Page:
*HP HDX 9000 DRAGON Owners Lounge, Part 2*

Discussion in 'HP' started by 2.0, Sep 3, 2010.

  1. RickiBerlin

    RickiBerlin Notebook Deity

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    Sorry, I'm still looking at.
    I could not even find the fan control.
    As seen in F.41 are the same values​​. Now, however, under C328. (in "F.35E"it was C327)

    There are however plenty of other changes. I further testing.

    "F.41 original = dsdt_8510x.dsl"

    See here is an excerpt:

    Name (C327, Package (0x02)
                Package (0x07)
                Package (0x07)
            Name (C328, Package (0x05)
            Method (C329, 0, Serialized)
                If (LGreaterEqual (\_SB.C04C, 0x02))
                    Store (C326, Index (C325, 0x01))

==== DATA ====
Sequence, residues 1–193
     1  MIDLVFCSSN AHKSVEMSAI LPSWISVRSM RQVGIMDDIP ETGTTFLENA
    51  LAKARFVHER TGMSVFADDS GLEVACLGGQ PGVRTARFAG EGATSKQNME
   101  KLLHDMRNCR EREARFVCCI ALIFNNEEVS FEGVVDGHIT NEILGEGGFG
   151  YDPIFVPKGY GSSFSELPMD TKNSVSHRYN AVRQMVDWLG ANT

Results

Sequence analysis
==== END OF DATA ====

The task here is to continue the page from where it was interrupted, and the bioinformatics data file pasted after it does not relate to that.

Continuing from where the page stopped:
C32A ()
                If (LEqual (\_SB.C04C, 0x05))
                    Store (C327, Index (C325, 0x01))
            Method (C208, 1, Serialized)
                Store (0x00, Local0)
                C32B (Local0, 0x00)
                C32C ()
                If (Arg0)
                    Notify (\_TZ.TZ1, 0x80)
                    Notify (\_TZ.TZ2, 0x80)
                    Notify (\_TZ.TZ3, 0x80)
                    Notify (\_TZ.TZ4, 0x80)
    Thank you "nando4"
  2. 2.0

    2.0 Former NBR Macro-Mod®

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    TME unlock of PLL ICS 9LPRS501PGLF

    What you possibly stand to gain:

    Installed ProcessorStock SpeedFSB O/C'd to 245Mhzw/ Dual IDA Enabled
    T95002.6 GHz @ 13x3.2 Ghz @ 13x3.4 Ghz @ 14x
    T93002.5 Ghz @ 12.5x3.06 Ghz @ 12.5x3.3 Ghz @ 13.5x
    T83002.4 Ghz @ 12x2.94 Ghz @ 12x3.18 Ghz @ 13x
    T81002.1Ghz @ 10.5x2.57 Ghz @ 10.5x2.82 Ghz @ 11.5x
    X=CPU max multiplier.​